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William G. G. Lambert Edit Profile

consultant , journalist

William G. Lambert , a native of Langford, South Dakota, was a Pulitzer Prize-winning journalist who wrote for the Portland Oregonian, Life magazine and other publications.


Lambert, William G. was born on February 2, 1920 in Langford, South Dakota, United States. Son of William G. and Blanche (Townsend) Lambert.


Nieman fellow journalism, Harvard University, 1959-1960.


Called by one of his editors "the modern-day father of investigative journalism", Lambert forced the resignation of Supreme Court Justice Abe Fortas in 1969. Fortas, accused of having taken $20,000 from stock swindler Louis Wolfson in 1966, resigned nine days after Lambert's story appeared. Lambert and The New York Times reporter Wallace Turner shared the Pulitzer Prize for local reporting in 1957 for their five-part series in the Portland Oregonian focusing on Dave Beck, president of the International Society of Teamsters, and exposing corruption in the union.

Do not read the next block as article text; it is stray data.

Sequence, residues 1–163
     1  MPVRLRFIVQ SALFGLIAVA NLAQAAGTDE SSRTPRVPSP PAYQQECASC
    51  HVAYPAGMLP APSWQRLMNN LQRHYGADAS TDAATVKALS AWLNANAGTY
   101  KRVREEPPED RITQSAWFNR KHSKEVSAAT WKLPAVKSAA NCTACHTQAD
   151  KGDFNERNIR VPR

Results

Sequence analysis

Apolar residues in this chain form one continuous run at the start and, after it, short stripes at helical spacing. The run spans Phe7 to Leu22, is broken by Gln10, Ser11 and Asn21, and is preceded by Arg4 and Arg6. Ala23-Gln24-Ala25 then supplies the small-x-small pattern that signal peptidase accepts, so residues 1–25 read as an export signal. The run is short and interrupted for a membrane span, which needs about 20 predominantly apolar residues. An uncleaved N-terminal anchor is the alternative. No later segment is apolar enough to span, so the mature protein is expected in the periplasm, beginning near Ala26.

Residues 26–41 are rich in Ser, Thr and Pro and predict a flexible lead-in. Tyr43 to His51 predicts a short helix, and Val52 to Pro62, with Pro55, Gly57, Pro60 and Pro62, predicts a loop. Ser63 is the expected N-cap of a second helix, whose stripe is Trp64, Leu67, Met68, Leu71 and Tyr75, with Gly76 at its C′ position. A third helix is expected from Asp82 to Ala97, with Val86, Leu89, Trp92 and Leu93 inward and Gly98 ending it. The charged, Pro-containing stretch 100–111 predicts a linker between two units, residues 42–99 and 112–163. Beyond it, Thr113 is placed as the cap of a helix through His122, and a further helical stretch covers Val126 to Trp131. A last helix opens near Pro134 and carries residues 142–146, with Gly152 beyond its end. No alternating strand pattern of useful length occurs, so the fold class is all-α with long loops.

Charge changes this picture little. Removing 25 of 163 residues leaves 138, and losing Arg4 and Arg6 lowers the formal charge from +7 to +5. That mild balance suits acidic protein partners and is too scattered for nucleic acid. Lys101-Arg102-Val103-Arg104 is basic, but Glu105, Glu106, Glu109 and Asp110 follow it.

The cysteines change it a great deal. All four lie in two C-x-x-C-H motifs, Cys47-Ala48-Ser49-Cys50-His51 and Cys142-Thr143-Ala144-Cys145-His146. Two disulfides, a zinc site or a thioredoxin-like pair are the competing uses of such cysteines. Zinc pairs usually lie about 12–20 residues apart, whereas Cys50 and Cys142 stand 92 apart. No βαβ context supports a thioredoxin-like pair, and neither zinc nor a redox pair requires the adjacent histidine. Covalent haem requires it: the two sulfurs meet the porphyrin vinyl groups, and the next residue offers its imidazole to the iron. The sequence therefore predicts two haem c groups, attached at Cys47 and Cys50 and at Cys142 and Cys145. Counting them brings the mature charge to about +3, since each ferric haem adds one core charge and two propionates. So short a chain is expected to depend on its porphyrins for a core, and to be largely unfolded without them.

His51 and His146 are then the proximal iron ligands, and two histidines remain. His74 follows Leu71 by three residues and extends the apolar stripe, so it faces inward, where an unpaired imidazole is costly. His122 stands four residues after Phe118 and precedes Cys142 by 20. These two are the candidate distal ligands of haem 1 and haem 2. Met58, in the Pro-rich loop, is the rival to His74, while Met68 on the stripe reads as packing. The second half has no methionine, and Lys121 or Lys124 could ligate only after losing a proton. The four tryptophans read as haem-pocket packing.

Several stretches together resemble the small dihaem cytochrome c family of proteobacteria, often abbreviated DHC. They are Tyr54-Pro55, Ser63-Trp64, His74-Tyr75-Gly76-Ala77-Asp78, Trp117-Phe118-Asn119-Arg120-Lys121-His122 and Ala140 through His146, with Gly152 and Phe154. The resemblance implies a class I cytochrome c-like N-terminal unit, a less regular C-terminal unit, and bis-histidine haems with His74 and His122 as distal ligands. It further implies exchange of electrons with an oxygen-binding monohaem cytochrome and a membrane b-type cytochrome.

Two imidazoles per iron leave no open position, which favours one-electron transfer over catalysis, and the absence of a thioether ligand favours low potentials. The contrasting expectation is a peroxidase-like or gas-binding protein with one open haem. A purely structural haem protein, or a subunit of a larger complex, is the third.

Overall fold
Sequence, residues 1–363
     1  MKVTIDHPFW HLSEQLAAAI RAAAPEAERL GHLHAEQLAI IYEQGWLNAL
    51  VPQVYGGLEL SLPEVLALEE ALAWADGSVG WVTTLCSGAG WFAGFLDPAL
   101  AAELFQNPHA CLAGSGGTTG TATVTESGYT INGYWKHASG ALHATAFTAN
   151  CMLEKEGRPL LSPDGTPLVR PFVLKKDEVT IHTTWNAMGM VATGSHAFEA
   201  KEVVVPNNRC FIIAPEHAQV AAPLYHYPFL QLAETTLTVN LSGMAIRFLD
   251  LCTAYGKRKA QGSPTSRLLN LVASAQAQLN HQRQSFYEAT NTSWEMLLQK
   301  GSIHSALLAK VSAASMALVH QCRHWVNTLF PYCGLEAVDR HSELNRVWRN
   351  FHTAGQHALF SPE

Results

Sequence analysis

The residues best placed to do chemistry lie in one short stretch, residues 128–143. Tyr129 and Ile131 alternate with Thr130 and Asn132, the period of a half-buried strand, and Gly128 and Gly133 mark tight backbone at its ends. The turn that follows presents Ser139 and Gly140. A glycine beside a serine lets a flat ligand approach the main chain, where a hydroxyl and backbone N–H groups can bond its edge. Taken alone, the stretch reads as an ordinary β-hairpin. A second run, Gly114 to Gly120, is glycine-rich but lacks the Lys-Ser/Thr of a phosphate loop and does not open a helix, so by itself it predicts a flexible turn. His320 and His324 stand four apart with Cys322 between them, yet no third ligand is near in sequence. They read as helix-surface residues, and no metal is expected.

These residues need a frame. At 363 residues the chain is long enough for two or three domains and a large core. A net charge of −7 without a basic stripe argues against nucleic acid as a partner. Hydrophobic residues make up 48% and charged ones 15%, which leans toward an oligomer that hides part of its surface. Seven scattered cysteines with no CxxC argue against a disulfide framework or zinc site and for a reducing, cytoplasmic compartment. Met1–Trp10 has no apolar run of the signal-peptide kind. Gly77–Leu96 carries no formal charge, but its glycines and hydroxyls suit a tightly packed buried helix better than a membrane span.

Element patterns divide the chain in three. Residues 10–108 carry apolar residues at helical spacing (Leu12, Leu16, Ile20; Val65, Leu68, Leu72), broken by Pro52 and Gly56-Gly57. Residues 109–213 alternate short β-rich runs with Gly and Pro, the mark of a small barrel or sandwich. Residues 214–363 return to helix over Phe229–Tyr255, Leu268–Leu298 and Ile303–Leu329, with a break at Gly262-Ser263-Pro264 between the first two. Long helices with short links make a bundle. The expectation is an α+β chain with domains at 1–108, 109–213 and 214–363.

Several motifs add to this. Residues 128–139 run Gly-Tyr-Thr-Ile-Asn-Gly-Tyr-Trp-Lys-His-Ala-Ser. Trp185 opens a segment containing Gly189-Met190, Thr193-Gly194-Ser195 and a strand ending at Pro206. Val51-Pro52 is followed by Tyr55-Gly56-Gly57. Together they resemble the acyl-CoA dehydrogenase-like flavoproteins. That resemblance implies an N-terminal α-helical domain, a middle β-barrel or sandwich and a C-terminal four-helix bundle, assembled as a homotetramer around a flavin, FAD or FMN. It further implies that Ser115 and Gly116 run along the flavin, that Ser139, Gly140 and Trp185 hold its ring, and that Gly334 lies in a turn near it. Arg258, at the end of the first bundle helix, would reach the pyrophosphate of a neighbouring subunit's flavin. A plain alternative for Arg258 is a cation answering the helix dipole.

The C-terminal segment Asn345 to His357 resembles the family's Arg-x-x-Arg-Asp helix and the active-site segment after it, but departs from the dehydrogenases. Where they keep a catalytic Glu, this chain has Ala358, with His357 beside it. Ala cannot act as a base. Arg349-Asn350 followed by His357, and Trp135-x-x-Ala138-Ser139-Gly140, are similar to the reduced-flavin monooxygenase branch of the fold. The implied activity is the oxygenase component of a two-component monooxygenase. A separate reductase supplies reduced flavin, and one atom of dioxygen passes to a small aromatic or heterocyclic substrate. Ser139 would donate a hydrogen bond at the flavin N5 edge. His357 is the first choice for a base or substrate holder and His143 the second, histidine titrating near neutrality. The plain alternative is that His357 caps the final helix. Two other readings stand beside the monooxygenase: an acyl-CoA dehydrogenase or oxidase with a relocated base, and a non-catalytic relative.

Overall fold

Lambert and Turner were the first witnesses in the congressional investigation of Beck and the Teamsters. Lambert died on February 8, 1998, in Philadelphia of a respiratory ailment.


  • His Life magazine story on Fortas won the George Polk Award for magazine reporting that year.


Served in the United States Army, World War II, PTO, to major Reserve, retired Decorated bronze star.


Married Jean Kenway Mead, July 7, 1945. Children: Kathryn, Heather Lambert Oxberry.

William G. Lambert

Blanche (Townsend) Lambert

Jean Kenway Mead

Kathryn Lambert

Heather Lambert Oxberry Lambert